Is that enough? Or is integration testing still needed?
First of all, testing against contracts is essential; but it is not sufficient.
- Well defined contracts don’t define the meaning of contract elements – only their data type and range.
- Contracts don’t define temporal behavior – e.g., what a component should do if a message is not received in a certain period of time, or if duplicates are received, or if the rate of requests is too high to sustain.
- Services are stateless, but they modify state indirectly by changing databases, sending messages that sit in durable message histories such as Kafka, and they often interact with external systems that maintain state. Thus, there are many kinds of system-wide state changes that are not represented by a service's contract, but that might affect how a service responds or how a service's response is interpreted.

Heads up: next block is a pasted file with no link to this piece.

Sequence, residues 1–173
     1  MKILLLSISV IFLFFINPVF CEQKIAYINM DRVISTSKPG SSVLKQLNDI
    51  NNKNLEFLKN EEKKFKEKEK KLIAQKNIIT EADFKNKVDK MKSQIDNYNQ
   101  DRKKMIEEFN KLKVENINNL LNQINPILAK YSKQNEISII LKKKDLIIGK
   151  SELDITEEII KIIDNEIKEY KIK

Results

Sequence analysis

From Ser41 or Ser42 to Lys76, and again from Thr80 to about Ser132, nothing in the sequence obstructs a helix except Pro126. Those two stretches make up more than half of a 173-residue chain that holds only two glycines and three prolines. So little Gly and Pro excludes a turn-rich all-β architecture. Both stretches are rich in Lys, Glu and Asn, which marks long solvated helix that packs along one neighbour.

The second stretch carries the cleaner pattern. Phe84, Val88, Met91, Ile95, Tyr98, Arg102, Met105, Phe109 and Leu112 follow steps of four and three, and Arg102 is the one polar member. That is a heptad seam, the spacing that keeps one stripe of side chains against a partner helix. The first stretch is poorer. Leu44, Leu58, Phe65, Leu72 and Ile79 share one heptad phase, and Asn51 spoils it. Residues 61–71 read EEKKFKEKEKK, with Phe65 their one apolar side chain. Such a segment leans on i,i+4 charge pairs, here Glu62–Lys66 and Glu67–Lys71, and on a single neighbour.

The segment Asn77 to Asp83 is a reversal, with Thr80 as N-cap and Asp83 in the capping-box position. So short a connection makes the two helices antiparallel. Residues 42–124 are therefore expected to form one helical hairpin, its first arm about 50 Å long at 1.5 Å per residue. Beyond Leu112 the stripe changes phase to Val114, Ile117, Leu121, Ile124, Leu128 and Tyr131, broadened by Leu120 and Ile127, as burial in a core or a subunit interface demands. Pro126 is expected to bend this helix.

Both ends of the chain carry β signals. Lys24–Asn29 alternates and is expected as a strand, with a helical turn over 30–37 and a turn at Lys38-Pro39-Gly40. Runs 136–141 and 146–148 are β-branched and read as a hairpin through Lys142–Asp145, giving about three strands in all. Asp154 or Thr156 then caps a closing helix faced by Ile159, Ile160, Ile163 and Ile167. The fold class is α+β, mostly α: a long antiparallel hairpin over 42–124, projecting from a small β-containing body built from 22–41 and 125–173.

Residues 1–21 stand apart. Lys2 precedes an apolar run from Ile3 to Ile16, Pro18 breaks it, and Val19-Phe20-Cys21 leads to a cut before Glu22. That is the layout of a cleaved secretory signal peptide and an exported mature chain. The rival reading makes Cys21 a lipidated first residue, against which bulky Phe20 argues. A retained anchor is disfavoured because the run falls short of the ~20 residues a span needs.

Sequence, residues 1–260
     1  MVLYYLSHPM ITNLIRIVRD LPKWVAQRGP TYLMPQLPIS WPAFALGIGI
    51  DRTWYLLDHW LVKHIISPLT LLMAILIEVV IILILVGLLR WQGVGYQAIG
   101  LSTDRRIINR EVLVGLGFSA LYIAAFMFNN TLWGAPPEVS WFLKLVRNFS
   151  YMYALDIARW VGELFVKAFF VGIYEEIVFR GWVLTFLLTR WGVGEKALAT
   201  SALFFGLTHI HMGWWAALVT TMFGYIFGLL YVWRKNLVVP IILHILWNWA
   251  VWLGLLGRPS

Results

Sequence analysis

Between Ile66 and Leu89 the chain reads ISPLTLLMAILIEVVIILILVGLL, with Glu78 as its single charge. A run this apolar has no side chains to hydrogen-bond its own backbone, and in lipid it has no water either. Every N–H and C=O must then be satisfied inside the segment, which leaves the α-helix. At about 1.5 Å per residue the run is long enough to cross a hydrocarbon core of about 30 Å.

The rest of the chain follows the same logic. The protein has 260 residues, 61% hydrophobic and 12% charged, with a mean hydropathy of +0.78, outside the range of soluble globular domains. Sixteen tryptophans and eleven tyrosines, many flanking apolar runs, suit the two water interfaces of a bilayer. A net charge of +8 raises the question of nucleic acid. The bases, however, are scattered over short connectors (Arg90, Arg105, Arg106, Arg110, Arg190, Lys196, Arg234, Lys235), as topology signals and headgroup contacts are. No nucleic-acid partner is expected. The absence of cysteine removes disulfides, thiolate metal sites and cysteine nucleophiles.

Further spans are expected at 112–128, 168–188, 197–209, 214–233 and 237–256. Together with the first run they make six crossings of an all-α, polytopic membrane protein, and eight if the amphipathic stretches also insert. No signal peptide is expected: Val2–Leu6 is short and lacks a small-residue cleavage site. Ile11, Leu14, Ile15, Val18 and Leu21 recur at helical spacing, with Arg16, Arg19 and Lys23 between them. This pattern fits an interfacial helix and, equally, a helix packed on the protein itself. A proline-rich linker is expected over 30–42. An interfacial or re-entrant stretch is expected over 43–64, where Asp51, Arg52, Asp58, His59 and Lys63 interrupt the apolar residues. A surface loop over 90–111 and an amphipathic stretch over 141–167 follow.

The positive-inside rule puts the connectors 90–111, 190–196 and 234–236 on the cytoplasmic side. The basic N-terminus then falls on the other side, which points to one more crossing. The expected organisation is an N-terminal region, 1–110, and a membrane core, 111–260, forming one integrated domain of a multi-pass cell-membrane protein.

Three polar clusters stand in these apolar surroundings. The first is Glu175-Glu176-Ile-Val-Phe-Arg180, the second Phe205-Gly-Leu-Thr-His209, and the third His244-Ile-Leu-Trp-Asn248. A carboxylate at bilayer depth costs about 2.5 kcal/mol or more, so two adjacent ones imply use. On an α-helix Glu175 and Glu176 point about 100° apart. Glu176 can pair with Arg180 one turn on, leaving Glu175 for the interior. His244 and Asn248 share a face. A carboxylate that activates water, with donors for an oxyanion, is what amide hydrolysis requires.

I have also sometimes heard teams say, “If you don’t use our contract correctly, it’s not our fault”. That might be true, but it is not a good answer for an enterprise: if someone is using your contract wrong, the organization needs to know. The testing pipeline must test that all contracts are being used correctly by other enterprise apps – one cannot afford to break other apps in production, even if they are using your contract wrong.
I have sometimes made a tabulation of the root causes of production incidents organizations that claim to be "DevOps". I usually discover that about half of the production issues tend to be integration issues. This is true even in organizations that claim to do fairly thorough testing at a unit and component level. This tells me that more is needed.